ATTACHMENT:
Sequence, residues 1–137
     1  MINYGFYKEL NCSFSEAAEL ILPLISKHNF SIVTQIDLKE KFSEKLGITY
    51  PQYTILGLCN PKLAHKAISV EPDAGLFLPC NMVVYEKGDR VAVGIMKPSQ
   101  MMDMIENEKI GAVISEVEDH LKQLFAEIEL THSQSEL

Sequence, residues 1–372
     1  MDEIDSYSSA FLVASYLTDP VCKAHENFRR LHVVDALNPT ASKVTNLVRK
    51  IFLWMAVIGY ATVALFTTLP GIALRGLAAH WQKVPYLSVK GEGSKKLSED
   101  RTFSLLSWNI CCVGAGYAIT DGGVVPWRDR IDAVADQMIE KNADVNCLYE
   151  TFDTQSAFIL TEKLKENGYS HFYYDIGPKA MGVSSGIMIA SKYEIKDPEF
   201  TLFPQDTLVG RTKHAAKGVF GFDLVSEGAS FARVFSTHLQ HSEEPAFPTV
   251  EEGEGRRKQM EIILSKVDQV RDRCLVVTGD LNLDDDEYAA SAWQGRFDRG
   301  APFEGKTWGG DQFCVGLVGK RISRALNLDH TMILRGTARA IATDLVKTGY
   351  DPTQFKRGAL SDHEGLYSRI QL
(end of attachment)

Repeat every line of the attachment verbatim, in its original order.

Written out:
Sequence, residues 1–137
     1  MINYGFYKEL NCSFSEAAEL ILPLISKHNF SIVTQIDLKE KFSEKLGITY
    51  PQYTILGLCN PKLAHKAISV EPDAGLFLPC NMVVYEKGDR VAVGIMKPSQ
   101  MMDMIENEKI GAVISEVEDH LKQLFAEIEL THSQSEL

Sequence, residues 1–372
     1  MDEIDSYSSA FLVASYLTDP VCKAHENFRR LHVVDALNPT ASKVTNLVRK
    51  IFLWMAVIGY ATVALFTTLP GIALRGLAAH WQKVPYLSVK GEGSKKLSED
   101  RTFSLLSWNI CCVGAGYAIT DGGVVPWRDR IDAVADQMIE KNADVNCLYE
   151  TFDTQSAFIL TEKLKENGYS HFYYDIGPKA MGVSSGIMIA SKYEIKDPEF
   201  TLFPQDTLVG RTKHAAKGVF GFDLVSEGAS FARVFSTHLQ HSEEPAFPTV
   251  EEGEGRRKQM EIILSKVDQV RDRCLVVTGD LNLDDDEYAA SAWQGRFDRG
   301  APFEGKTWGG DQFCVGLVGK RISRALNLDH TMILRGTARA IATDLVKTGY
   351  DPTQFKRGAL SDHEGLYSRI QL